Given an inch, taking a mile Some proposed environmental 'reforms' are reaching too far
President Bush won two elections by an inch, but his administration and its Republican allies in Congress persist in wanting to take a mile.
Nowhere is this more evident than in the environmental policy arena. On more than one occasion recently, legislation that reaches far beyond what is reasonable ' or, dare we say, conservative ' has won approval in the House. Only the reluctance of cooler heads in the Senate stands in the way.
Behind much of this action is Rep. Richard Pombo, a Republican rancher from Tracy, Calif., who is determined to dismantle major environmental protections in place for decades in the name of reform. Allied closely with him is Oregon 2nd District Rep. Greg Walden.
Pombo is chairman of the House Resources Committee and sponsor of the Threatened and Endangered Species Recovery Act, which passed the House last month. Walden is a co-sponsor.
Pombo says he wants to make the Endangered Species Act do a better job of helping species recover, while compensating property owners who have to limit the use of their land under the law.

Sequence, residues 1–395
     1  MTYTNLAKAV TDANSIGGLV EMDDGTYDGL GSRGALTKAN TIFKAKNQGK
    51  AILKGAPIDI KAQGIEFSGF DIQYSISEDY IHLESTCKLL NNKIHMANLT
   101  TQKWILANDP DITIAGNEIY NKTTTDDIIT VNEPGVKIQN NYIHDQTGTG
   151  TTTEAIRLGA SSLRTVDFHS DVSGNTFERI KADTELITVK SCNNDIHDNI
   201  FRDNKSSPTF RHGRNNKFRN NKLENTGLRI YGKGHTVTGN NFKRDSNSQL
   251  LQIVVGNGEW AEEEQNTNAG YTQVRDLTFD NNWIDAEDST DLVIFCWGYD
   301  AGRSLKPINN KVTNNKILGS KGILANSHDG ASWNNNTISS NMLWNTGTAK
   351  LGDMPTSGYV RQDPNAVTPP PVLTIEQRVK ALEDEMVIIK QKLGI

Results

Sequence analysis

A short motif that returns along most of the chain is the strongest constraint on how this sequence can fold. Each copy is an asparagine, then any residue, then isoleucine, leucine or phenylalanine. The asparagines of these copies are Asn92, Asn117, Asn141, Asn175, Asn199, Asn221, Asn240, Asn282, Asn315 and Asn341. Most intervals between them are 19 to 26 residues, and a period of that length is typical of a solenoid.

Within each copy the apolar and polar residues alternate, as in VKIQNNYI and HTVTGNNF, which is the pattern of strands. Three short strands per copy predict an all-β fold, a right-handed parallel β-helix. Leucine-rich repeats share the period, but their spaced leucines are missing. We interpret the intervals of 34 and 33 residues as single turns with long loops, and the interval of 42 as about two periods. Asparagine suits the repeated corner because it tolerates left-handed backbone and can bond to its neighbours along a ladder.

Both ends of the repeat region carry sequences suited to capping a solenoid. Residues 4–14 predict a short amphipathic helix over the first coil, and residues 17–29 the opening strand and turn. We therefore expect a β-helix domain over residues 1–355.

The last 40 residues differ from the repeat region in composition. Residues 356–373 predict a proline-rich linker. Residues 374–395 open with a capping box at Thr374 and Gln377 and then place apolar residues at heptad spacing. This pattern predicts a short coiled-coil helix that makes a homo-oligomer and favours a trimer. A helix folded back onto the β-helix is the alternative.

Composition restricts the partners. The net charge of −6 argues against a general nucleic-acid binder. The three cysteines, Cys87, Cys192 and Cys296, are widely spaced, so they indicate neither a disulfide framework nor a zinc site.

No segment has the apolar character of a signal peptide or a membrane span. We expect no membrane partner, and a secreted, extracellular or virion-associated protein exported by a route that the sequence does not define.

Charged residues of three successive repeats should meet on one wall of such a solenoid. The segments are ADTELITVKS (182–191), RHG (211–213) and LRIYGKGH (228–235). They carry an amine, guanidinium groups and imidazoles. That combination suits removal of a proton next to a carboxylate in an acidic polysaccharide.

If that sounds familiar to Oregonians, it should. But this isn't just Measure 37 on the federal level. It's Measure 37 on steroids.
— Under Pombo's bill, an owner developing 2,000 acres who was required to set aside, say, 10 percent of that land to protect an endangered species would get a check from the federal government for the profit that 10 percent would have generated ' even if the other 90 percent was highly profitable.
And that's just for starters. Federal fish and wildlife agencies that now must review environmentally harmful projects would be required to accept the developer's assessment of the project's effects, and would be barred from asking for any more information. If the agencies could not determine whether the project violated the Endangered Species Act, the project would automatically proceed.
The Endangered Species Act isn't perfect, and some changes are worth considering. But Pombo's bill sets out to dismantle the act, not improve it.
The endangered species measure faces an uncertain future in the Senate, where moderate Republicans have more clout. But Pombo isn't finished yet.
On Wednesday, his committee passed out a budget reconciliation package that would allow offshore drilling for oil and gas in the eastern Gulf of Mexico much closer to shore than is now permitted, and would authorize oil drilling in the Arctic National Wildlife Refuge.
Meanwhile, the Senate Environment and Public Works Committee blocked a Republican-sponsored move to streamline the permit process for new oil refineries, weakening environmental protections in the process. Sen. John Chafee, R-R.I., joined Democrats on the panel to stop the bill, arguing that the country should address energy consumption by tightening fuel-efficiency standards before helping the oil industry boost supply.
Now that sounds like a truly conservative approach.